Filling the gap between people, management and technology in palliative care: Compassion is the key

Ahead of the 15th World Congress of the European Association for Palliative Care, we are publishing posts from our plenary speakers . . .

Today, Dr Emilio Herrera-Molina, President of the New Health Foundation, Seville, Spain, gives a glimpse of the plenary lecture he will give at the congress in Madrid on Saturday 20 May 2017.

Dr Emilio Herrera

While working with Dr Julian Abel, palliative care consultant and Vice-president of Public Health Palliative Care International, he asked: If given the opportunity to redesign palliative care, would we build the same organisation and programmes? My silent inner response was “probably not”. Though palliative care has many contributions to resolve several problems of current the health systems, its effectiveness is diminished by the misaligned incentives of the prevailing management models.

The healthcare system is increasingly unsustainable. Healthcare expenditures are projected to reach $8.7 trillion by 2020, from $7 trillion in 2015.1 Furthermore, the current management models have failed in their attempt to patch up the incapacity of the system to face the massive ageing of populations and the prevalence of chronic conditions and dependency. This has forced false productivity with fee-for-service models that only speed up the effect of a revolving door, with the same patients entering and leaving from consultations without the solution to their suffering.

This is fuelled by the lack of coordination between levels of care, health and social services, and worsened by the mindset of the community that end-of-life care is a service rather than a universal responsibility. As a result, we are partially inhibited to enjoy caring for one another as social beings, clearly reflected in burnout statistics amongst healthcare professionals.

Could we use compassion as the innovative element to improve the current models and their outcomes? Of course!

Compassion provides opportunities for innovation in three key areas: service provision, organisational models and technologies. It is clear that we must adopt a new paradigm of person-centred integrated palliative care models, rooted in compassionate communities aligned as “circles of care” (Abel) 7 with interdisciplinary teams of health and social care staff working around them. 5,6 To achieve this, a profound ‘re-evolution’ to the basics is required to transform the current upside-down healthcare system from a patient-centred to a person-centred model of care.3 This new model will recognise that death, dying, caregiving and loss are social problems with medical aspects rather than medical problems with social aspects.4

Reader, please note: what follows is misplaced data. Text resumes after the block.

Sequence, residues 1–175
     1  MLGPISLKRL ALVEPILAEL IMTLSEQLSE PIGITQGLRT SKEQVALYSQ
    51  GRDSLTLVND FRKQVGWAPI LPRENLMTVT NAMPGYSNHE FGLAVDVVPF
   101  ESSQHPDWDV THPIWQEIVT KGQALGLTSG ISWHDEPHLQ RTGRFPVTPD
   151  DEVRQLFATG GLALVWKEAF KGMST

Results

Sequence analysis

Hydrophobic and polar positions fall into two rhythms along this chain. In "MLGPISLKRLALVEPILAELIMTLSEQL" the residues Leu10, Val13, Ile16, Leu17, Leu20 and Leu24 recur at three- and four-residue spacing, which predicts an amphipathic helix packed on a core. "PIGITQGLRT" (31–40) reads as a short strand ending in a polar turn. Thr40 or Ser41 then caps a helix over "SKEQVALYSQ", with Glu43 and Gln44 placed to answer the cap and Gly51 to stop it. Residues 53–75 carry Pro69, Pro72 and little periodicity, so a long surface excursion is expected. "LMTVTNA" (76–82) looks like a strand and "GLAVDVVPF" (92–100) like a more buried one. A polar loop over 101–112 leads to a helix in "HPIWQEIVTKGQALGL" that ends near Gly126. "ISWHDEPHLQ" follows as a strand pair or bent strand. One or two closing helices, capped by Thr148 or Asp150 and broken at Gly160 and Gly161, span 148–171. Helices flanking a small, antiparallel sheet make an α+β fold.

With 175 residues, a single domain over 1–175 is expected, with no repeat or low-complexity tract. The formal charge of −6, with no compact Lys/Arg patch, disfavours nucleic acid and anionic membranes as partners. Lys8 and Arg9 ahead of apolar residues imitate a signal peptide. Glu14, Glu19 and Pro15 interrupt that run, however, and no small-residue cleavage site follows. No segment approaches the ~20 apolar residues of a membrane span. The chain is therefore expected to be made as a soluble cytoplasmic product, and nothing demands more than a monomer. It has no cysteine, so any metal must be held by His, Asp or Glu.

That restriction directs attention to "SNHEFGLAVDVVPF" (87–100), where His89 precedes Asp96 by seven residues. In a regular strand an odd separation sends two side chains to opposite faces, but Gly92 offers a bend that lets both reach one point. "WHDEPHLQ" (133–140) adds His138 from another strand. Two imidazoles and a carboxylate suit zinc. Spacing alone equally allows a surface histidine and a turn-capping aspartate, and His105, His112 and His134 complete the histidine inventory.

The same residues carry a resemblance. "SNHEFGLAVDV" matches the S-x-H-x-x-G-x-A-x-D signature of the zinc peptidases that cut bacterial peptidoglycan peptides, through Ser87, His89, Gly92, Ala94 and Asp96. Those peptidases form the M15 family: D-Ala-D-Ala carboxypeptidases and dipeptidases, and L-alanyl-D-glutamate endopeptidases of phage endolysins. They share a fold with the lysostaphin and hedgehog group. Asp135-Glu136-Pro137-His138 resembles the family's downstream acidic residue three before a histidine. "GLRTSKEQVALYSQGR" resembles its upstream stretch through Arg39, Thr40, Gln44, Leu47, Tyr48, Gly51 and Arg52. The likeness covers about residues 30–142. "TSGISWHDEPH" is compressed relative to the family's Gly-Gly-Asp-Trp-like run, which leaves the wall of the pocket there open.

Compassion has emerged in recent years in response to a call for a return to a more human medicine and even a greater social solidarity.8 It could inspire the transformation of our health systems, to properly realign the incentives of the management system, obtain greater productivity and sustainability, 2 adequately mobilise current technological resources to integrate services and improve accessibility. This mission is of the utmost importance, not only to reinforce the correct development of palliative care but to reignite the passion and meaning of the health and welfare system in the future.


  1. United Nations, Department of Economic and Social Affairs, Population Division (2015). World Population Prospects: The 2015 Revision, Key Findings and Advance Tables. Working Paper No. ESA/P/WP.241.
  2. The Schwartz Center for Compassionate Healthcare (2015). Technology and the Patient-Caregiver Relationship: Another Look. White Paper. February 2015.
  3. Sinek S (2010). How great leaders inspire action. (TED Talks) 
  4. Abel J, Kellehear A. Palliative Care re-imagined: a needed shift. BMJ Supportive & Palliative Care 2016; 6: 21-26.
  5. Georghiou T, Davies S, Davies A and Bardsley M (2012) Understanding patterns of health and social care at the end of life. Nuffield Trust, London.
  6. Flores L, Herrera E, Pastrana T. Atención Centrada en la Persona al final de la Vida: Atención Sociosanitaria Integrada en Cuidados Paliativos. Actas de Coordinación Sociosanitaria (Fundación Caser). Abril 2015.
  7. Abel J, Walter T, Carey LB et al. (2013) Circles of care: should community development redefine the practice of palliative care? BMJ Supportive & Palliative Care 3: 383-388.
  8. Declaration of Medellin. For a network of compassionate cities in Colombia.

Join us in Madrid for the 15th World Congress of the European Association for Palliative Care 

Dr Emilio Herrera-Molina will give his lecture, Filling the gap between people, management and technology in palliative care: Compassion is the key in the Plenary Hall on Saturday 20 May 2017, at 11.15 to 11.45. Simultaneous translation into Spanish will be available for all plenary lectures. To view the full congress programme and to register, please visit the congress website.


This entry was posted in 15th World Congress Madrid, ADVOCACY & POLICY, EAPC World Congresses, public health palliative care and tagged . Bookmark the permalink.

1 Response to Filling the gap between people, management and technology in palliative care: Compassion is the key

  1. I blog on issues of aging and I appreciate your blog. Thank you.

Leave a Reply

Fill in your details below or click an icon to log in: Logo

You are commenting using your account. Log Out /  Change )

Twitter picture

You are commenting using your Twitter account. Log Out /  Change )

Facebook photo

You are commenting using your Facebook account. Log Out /  Change )

Connecting to %s

This site uses Akismet to reduce spam. Learn how your comment data is processed.